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Restore A Deck Cleaner and Brightener Kit Review 2014

Restore A Deck Kits

Restore A Deck Kits

Important Note: This is our 2nd Review of the Restore A Deck Kits. See Here for First Review: Restore A Deck Cleaner and Brightener Kit

Restore A Deck cleaner is a specifically designed two-part system that is best used to clean and prep a wood deck prior to staining it. The Restore A Deck cleaner system consists of a wood cleaner that will remove dirt, grime, mold, mildew, and grayed wood fibers. Step 2 is a wood brightener that corrects the pH of the wood and brightens/lightens it up prior to applying a wood stain or sealer.

Restore-A-Deck comes in a powdered concentrated formula. Each 2 lb container makes 5 liquid gallons and can clean and brighten up to 1000 sq. feet. Simply pour each into a five gallon container and add water to dissolve the powder concentrate.

The Restore a Deck Step 1 Cleaner contains an EPA registered ingredient that helps in the removal of mold, mildew and algae.

Restore A Deck Cleaner and Brightener Scores (1-10)

Removal of Graying, Dirt, Grime: 9

The Restore-A-Deck Step 1 Deck Cleaner works wonders at removing dirt and graying. The active ingredient creates a slight foaming on the wood once applied. Once the graying and dirt has softened, we find it best to use a pressure washer at a low setting of 1500 PSI to “lightly wash” off the dirty slime.

Cost Per Square Foot: 10

Powdered deck prepping products are the way to go. Cheaper and more effective then bleach based solutions. We have found that the Restore A Deck Kits are the best on the market today when it comes to price. Cost to clean and brighten an average 800 square foot deck is less then $.07 a foot.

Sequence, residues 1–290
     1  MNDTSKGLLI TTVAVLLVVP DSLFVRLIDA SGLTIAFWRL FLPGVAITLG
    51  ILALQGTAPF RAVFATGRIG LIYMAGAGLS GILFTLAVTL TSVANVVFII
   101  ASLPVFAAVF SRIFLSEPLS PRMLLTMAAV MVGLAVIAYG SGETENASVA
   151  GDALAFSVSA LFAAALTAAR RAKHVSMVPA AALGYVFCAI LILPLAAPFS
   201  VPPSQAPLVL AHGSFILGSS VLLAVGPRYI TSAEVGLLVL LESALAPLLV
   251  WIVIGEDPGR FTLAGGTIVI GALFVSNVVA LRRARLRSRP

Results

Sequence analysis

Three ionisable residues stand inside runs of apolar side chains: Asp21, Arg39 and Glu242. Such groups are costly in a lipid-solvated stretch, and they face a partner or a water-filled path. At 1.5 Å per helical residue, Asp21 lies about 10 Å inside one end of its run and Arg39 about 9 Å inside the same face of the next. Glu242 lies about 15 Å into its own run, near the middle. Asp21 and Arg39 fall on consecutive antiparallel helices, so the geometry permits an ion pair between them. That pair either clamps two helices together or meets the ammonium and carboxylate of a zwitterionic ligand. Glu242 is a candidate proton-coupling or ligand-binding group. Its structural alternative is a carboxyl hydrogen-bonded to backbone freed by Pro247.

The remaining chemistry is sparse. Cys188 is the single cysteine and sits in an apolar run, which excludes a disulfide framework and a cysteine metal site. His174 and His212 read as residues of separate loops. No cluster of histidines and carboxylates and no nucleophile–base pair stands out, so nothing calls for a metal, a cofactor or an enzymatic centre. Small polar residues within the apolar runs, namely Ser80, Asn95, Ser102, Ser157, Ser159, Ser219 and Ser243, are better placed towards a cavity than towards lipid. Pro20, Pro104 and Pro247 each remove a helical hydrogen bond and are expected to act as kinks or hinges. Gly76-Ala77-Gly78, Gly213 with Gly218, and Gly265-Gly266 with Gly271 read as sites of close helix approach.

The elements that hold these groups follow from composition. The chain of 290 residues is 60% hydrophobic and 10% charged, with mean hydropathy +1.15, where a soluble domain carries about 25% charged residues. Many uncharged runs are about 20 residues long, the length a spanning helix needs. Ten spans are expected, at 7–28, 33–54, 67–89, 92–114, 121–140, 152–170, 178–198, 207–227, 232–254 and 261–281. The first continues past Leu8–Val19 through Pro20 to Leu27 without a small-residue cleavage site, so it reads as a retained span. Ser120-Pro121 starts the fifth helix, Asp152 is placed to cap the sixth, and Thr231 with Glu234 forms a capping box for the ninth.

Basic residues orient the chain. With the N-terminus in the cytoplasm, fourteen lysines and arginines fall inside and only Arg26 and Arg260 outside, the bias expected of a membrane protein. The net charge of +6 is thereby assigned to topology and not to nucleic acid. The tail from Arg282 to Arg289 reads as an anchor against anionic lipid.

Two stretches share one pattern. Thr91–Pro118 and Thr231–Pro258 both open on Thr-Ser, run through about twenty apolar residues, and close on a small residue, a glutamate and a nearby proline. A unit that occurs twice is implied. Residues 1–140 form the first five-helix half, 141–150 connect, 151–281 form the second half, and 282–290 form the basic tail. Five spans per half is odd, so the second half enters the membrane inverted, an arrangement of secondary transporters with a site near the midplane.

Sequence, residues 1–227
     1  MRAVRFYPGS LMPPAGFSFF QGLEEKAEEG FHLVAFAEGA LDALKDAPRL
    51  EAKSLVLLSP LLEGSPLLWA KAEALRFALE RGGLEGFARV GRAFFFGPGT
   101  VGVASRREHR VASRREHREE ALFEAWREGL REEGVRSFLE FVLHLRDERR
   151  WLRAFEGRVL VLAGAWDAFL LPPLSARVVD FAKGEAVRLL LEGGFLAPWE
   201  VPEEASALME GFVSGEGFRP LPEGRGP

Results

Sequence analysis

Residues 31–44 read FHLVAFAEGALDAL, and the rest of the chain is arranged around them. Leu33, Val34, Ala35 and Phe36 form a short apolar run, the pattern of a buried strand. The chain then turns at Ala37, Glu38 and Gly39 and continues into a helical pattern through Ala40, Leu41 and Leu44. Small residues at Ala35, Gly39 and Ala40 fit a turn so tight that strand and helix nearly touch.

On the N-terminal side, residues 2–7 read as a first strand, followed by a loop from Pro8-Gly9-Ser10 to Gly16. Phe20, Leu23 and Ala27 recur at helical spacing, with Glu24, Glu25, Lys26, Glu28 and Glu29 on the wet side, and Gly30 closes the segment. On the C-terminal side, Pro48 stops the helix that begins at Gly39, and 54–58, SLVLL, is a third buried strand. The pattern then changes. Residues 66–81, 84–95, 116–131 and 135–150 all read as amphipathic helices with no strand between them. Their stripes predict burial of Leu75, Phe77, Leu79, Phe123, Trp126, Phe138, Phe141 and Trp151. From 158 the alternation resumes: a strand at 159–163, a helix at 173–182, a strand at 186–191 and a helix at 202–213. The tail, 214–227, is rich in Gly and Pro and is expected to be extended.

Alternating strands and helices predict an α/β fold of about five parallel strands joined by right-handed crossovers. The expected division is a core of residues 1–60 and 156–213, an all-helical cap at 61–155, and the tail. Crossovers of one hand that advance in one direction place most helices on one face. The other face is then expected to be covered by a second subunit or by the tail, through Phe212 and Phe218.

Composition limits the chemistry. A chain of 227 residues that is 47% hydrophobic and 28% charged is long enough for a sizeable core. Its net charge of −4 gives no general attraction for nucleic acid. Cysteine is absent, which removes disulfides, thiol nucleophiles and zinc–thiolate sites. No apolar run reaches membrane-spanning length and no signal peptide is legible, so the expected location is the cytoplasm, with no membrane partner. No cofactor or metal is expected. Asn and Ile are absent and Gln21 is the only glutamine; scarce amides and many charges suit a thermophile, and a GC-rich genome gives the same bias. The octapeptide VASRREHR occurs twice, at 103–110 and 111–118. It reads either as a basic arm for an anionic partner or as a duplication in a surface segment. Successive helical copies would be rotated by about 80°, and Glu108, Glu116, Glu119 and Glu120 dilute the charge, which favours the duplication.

Removal of Old Stain: N/A

Restore A Deck Kits are used for prepping, cleaning and maintaining decks for application of a stain. It is not designed to remove old coatings. We have have used the Restore A Deck Kits though on very deteriorated deck coatings and it has removed them.

Ease of Application: 9

When we use the Restore A Deck powders we mix 6-8 oz of powder per gallon of water. Make sure that you mix in a different bucket if you will be applying with a sprayer as you may get some undissolved crystals at the bottom. This only happens with the Step 1 Cleaner. Transfer the cleaning solution into the pump sprayer. Take care to not transfer undissolved powder as it could clog the sprayer tip. Apply the cleaner with the pump sprayer and let sit for 10-15 minutes. Lightly pressure wash off or hand scrub.

Testing was done with both scrubbing and pressure washing. Both worked well at prepping the wood but we find a pressure washer more effective and quicker as well.

Final Appearance of Using Step 1 Cleaner: 9

All  the graying and grime had been removed and the natural color tones of the wood had been restored.

Final Appearance after Using Step 2 Brightener 10

The Restore A Deck Brightener is used to cancel the raising of pH balance from the Step 1 Cleaner. This is a very easy thing to to and will help aid in the longevity of your stain if the wood is left in a neutral state. The RAD Brightener does an excellent job of lightening the wood. Results are noticeable within a few minutes of application.

Step 2 brightener does not need to be scrubbed, just rinsed with water after 10 minutes.

Overall Score for Restore-A-Deck Cleaner: 9.4

Powders are the way to go for deck prepping products. The Restore-A-Deck Kits are economical and work extremely well. Using a qaulity product like the RAD Kits will make your wood restoration project easier and the overall results improved as well.

We rate this as a Contractor Choice for favorite prepping products for decking.

Product Information:

Manufacturer: Restore A Deck
Product Type: Powdered Concentrate. Kit contains Step 1 Deck Cleaner and Step 2 Deck Brightener
Available Sizes: 2 Pound Container Makes 5 Liquid Gallons
Application Temperature: 45-95 F
Coverage Per Gallon: 150-200 sq. ft per gallon. Each Kit preps 750-1000 sq. feet.
Application Tools: Scrub Brush, Pump Sprayer

Test Deck Stats:

When Tested: Fall 2013
Deck Wood Type: Cedar wood that has grayed for 1 year